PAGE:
- sponsorship of the Google AI Quantum team, and for their
- continued engagement and support. We thank Peter Norvig
- for reviewing a draft of the manuscript, and Sergey Knysh
- for useful discussions. We thank Kevin Kissel, Joey Raso,
- Davinci Yonge-Mallo, Orion Martin, and Niranjan Sridhar
- for their help with simulations. We thank Gina Bortoli and
- Lily Laws for keeping our team organized. This research used
- resources from the Oak Ridge Leadership Computing Facility,
- which is a DOE Oce of Science User Facility supported un-
- der Contract DE-AC05-00OR22725. A portion of this work
- was performed in the UCSB Nanofabrication Facility, an open
- access laboratory.
- Author contributions The Google AI Quantum team
- conceived of the experiment. The applications and algorithms
- team provided the theoretical foundation and the specics of
- the algorithm. The hardware team carried out the experiment
- and collected the data. The data analysis was done jointly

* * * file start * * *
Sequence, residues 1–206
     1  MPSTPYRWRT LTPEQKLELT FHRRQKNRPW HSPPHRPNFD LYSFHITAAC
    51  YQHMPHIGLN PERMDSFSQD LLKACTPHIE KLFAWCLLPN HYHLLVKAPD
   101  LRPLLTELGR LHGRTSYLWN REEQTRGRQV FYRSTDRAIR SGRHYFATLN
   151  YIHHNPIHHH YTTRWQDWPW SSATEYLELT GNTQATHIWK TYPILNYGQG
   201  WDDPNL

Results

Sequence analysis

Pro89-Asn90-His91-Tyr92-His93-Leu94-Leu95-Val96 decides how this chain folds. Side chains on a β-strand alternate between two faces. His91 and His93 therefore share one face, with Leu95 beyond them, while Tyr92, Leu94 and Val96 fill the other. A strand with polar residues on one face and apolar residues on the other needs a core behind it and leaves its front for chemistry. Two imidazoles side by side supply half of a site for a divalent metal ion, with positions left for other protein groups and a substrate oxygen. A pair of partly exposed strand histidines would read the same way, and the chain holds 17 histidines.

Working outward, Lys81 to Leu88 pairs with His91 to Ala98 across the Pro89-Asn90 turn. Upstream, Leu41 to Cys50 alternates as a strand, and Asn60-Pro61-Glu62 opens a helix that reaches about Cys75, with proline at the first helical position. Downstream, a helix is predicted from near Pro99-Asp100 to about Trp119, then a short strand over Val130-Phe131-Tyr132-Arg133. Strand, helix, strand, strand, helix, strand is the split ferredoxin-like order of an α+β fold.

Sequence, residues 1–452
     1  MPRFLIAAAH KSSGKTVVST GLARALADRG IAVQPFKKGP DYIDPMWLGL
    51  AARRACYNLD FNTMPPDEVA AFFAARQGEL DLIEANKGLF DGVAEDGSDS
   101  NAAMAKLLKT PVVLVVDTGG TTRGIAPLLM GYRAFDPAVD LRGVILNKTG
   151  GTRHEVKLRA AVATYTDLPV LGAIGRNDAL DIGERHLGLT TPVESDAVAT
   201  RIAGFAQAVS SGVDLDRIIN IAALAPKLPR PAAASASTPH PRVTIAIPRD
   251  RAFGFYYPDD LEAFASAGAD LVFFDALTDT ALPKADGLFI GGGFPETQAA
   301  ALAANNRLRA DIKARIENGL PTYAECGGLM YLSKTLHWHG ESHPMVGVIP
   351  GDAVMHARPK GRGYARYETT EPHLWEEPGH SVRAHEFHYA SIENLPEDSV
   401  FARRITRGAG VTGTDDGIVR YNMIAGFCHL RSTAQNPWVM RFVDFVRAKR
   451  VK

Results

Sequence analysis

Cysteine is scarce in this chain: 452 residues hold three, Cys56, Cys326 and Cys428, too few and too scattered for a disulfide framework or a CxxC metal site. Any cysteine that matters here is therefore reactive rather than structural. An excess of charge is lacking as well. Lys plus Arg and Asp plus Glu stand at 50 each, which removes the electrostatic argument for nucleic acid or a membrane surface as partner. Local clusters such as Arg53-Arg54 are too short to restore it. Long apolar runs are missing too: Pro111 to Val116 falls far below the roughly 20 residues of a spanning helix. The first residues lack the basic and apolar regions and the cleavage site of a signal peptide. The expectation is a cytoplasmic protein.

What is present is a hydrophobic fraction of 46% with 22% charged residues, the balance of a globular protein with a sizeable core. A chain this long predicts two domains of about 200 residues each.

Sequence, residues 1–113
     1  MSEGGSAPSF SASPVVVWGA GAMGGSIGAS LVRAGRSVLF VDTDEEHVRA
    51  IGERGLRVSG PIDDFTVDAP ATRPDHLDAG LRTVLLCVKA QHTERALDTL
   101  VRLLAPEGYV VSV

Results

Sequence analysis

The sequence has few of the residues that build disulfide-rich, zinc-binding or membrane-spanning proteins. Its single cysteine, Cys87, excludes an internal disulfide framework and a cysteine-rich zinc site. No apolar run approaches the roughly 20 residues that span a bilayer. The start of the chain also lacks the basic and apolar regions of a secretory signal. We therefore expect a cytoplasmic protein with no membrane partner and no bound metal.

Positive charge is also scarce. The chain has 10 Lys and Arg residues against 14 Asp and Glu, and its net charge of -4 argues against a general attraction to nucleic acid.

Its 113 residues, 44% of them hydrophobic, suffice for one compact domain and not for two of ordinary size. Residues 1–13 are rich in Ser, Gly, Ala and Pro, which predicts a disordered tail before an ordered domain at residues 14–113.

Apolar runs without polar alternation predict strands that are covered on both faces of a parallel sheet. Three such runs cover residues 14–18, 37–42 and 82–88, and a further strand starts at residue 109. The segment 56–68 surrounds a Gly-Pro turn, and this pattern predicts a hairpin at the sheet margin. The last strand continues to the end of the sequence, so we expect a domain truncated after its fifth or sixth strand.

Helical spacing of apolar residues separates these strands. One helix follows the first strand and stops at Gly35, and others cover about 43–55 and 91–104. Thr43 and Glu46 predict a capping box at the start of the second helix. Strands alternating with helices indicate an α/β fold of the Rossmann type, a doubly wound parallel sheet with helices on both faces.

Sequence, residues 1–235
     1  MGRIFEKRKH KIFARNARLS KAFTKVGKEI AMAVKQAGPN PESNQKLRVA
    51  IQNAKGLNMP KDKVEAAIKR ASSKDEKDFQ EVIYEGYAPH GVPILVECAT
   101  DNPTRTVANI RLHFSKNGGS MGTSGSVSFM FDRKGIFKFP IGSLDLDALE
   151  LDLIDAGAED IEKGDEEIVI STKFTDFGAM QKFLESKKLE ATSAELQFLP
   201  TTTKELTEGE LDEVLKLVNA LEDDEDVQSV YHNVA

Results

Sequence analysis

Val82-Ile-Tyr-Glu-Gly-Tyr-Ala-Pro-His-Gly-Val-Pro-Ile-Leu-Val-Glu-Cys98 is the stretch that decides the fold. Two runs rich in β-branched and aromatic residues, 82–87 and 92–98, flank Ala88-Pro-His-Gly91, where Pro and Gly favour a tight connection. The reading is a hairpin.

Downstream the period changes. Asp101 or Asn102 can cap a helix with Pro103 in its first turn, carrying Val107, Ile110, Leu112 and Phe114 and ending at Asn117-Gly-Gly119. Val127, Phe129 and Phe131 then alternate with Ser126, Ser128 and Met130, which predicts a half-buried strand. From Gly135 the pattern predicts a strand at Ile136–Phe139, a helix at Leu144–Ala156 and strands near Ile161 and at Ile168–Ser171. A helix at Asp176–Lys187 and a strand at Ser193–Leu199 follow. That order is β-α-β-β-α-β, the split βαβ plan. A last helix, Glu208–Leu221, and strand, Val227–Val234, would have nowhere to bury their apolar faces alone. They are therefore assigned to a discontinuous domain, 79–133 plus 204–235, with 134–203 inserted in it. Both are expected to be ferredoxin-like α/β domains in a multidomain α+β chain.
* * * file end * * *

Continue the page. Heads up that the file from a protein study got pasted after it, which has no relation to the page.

- with outside collaborators. All authors wrote and revised the
- manuscript and supplement.
- Competing Interests The authors declare that they have
- no competing nancial interests.
- Correspondence and requests for materials should
- be addressed to John M. Martinis (jmartinis@google.com).
- 7
- y Frank Arute1, Kunal Arya1, Ryan Babbush1, Dave
- Bacon 1, Joseph C. Bardin ;2, Rami Barends , Ru-
- pak Biswas3, Sergio Boixo1, Fernando G.S.L. Brandao1;4,
- David Buell 1, Brian Burkett , Yu Chen , Zijun Chen1,
- Ben Chiaro5, Roberto Collins 1, William Courtney , An-
- drew Dunsworth 1, Edward Farhi , Brooks Foxen5, Austin
- Fowler 1, Craig Gidney , Marissa Giustina1, Rob Gra , Keith
- Guerin 1, Steve Habegger , Matthew P. Harrigan , Michael J.
- Hartmann 1;6, Alan Ho , Markus Homann , Trent Huang1,